Fall entertainment previews: Books

We interrupt our usual Reviews section to bring you a roundup of this fall’s arts menu.

BY

August 28 2006 12:00 AM ET

September

Stephen Beachy, Some Phantom/No Time Flat
(Suspect Thoughts Press). Bay Area novelist
Stephen Beachy is best known for his New York
magazine story last October that exposed the true identity
of the young HIV-positive gay hustler and cult hero
“JT LeRoy” as a 40-year-old woman named
Laura Albert. Beachy’s two novellas are
understated and creepy and amply demonstrate how he could
see through the smoke and mirrors of a great literary
hoax.

Sulayman X, Adventures of a Bird-Shit Foreigner
(Alyson). A young Thai-American man negotiates
his passage to gay adulthood on the unforgiving Thai
streets. The author (whose first novel was Bilal’s
Bread
, also from Alyson) has lived in Bangkok for 10
years.

Joan Didion, We Tell Ourselves Stories in Order to Live
(Everyman’s Library). Before The Year
of Magical Thinking,
Didion made her mark as
the preeminent chronicler of Los Angeles at its dirtiest
and dreamiest. Relive the Manson years with this collection
of Didion’s nonfiction.

Kim Powers, The History of Swimming

(Carroll & Graf). A poignant, suspenseful
memoir about the author’s search for his
suicidal twin brother, who in his late 20s mysteriously
disappeared from Manhattan.

Lucy Jane Bledsoe, The Ice Cave
(University of Wisconsin Press). After a
harrowing solo journey to the High Sierras, Bledsoe
reconnects with nature on a series of incredible true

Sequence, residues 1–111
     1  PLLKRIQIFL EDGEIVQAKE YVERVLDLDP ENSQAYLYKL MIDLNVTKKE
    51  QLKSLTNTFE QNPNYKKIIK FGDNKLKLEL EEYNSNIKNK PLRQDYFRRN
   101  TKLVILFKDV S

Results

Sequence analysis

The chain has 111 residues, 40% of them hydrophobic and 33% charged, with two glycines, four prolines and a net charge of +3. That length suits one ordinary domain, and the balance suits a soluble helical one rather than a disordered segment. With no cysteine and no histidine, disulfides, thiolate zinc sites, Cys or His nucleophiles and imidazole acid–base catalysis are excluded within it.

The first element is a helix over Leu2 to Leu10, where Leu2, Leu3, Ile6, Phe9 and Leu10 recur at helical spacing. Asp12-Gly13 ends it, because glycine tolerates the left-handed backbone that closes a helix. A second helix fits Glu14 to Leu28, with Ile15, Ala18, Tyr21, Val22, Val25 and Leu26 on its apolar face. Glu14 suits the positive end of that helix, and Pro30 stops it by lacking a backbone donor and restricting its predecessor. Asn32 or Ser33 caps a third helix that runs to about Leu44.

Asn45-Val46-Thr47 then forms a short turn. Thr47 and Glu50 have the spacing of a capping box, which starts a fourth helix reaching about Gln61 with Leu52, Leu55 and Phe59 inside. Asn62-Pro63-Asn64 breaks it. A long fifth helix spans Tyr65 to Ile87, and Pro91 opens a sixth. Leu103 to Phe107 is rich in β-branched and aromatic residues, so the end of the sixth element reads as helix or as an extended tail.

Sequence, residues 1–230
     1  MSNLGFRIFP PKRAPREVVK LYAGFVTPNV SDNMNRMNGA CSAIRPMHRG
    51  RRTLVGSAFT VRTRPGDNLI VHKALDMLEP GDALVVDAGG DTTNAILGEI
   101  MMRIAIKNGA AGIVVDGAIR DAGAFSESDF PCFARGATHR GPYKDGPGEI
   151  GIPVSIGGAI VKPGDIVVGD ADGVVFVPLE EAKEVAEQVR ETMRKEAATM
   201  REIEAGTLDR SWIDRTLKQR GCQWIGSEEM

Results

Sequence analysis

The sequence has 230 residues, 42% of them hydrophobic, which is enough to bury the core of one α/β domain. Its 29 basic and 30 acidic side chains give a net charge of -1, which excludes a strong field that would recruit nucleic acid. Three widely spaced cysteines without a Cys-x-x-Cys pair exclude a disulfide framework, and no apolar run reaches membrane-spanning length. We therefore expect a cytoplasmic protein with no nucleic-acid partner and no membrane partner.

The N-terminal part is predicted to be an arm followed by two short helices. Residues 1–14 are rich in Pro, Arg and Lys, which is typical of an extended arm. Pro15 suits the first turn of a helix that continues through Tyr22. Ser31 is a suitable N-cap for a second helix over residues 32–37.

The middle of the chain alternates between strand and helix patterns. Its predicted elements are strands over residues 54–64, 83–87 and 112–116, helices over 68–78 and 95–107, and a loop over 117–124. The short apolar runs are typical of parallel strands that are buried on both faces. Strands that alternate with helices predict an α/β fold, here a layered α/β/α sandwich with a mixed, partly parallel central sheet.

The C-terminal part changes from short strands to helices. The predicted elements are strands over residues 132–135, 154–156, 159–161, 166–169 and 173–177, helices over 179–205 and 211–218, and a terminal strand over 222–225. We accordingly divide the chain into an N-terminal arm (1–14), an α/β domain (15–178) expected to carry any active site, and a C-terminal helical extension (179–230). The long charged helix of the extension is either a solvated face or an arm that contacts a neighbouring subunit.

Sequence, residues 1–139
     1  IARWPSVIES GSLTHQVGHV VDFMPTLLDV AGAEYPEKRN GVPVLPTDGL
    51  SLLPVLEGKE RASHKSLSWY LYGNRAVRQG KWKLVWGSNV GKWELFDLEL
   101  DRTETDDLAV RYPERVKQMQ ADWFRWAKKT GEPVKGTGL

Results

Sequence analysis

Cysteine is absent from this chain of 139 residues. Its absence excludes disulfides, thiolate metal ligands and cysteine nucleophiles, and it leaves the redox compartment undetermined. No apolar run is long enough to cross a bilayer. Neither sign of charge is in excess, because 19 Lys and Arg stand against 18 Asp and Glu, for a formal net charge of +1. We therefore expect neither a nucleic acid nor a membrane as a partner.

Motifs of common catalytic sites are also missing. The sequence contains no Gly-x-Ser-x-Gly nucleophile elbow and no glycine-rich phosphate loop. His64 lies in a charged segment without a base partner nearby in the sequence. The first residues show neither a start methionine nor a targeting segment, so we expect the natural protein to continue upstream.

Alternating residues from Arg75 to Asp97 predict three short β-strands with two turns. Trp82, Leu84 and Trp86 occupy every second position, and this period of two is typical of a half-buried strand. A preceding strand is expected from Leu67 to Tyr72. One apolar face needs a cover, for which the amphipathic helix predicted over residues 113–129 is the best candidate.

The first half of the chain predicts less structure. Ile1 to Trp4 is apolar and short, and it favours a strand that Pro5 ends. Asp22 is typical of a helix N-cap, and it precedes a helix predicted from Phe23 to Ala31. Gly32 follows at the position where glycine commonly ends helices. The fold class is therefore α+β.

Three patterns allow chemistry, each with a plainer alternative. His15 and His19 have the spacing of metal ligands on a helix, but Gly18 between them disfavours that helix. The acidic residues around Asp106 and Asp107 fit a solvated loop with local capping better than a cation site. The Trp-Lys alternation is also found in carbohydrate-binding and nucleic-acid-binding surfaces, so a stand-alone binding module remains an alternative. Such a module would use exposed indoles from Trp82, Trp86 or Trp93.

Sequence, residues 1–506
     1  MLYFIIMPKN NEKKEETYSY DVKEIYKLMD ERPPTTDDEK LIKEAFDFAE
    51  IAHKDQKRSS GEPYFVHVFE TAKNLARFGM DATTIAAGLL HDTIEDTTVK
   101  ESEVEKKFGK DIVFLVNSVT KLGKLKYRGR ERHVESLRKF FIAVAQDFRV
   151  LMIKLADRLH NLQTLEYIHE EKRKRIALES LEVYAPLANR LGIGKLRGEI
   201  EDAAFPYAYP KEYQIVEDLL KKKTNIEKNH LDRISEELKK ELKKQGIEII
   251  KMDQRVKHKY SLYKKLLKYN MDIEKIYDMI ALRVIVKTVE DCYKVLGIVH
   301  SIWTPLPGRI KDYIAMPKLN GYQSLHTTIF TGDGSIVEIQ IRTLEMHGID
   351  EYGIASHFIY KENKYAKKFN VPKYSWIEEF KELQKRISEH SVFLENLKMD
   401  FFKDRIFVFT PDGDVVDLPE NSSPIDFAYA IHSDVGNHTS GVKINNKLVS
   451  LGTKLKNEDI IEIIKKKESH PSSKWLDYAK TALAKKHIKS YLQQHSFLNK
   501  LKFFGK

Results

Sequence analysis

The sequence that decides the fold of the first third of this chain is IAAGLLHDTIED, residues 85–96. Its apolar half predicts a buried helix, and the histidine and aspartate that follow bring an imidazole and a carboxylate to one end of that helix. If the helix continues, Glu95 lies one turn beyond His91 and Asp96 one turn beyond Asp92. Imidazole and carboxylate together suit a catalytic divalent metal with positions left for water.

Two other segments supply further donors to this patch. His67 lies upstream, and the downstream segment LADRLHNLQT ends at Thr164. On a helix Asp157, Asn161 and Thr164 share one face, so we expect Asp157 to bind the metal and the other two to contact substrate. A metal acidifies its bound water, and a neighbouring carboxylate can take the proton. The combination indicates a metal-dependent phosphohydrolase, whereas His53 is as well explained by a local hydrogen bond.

adventures from the Mojave Desert to Antarctica.

Sam Harris, Letter to a Christian Nation
(Knopf). The author of the best seller The End
of Faith
provides the perfect hostess gift for
families who don’t invite your partner over for
Thanksgiving. Harris describes his book as “my best
effort to arm progressives and secularists against the
religious certainties of Christian
fundamentalists—in about a hundred pages.”

October

Gillian Kendall, Mr. Ding's Chicken Feet: On a Slow
Boat From Shanghai to Texas

(University of Wisconsin Press). Some people go
out for cigarettes and never come back. Kendall shook off a
boyfriend in Australia and signed on as English
teacher and the only female crew member on a Chinese
ship. Close quarters, strange foods, and seething
pheromones—some of them quite possibly lesbian.

William J. Mann, Kate: The Woman Who Was Hepburn
(Henry Holt). Described as “the first
major Hepburn biography outside of her
control,” this book contains new material made
available only since Hepburn’s death, Mann puts
forward some provocative theories about how Hepburn
promoted her “dual sexuality” to spark
interest on the screen and off.

November

Michelle Tea, Baby Remember My Name: An Anthology of
New Queer Girl Writing


(Carroll & Graf). Twenty-two emerging voices
brought together by the dyke author (Valencia, Rent
Girl
) and cofounder of the road show Sister Spit.

Brian Whitaker, Unspeakable Love: Gay and Lesbian Life
in the Middle East

(University of California Press). Wear your pride
shirt in Cairo and you will never complain about being
stared at in Home Depot again.
—Regina Marler

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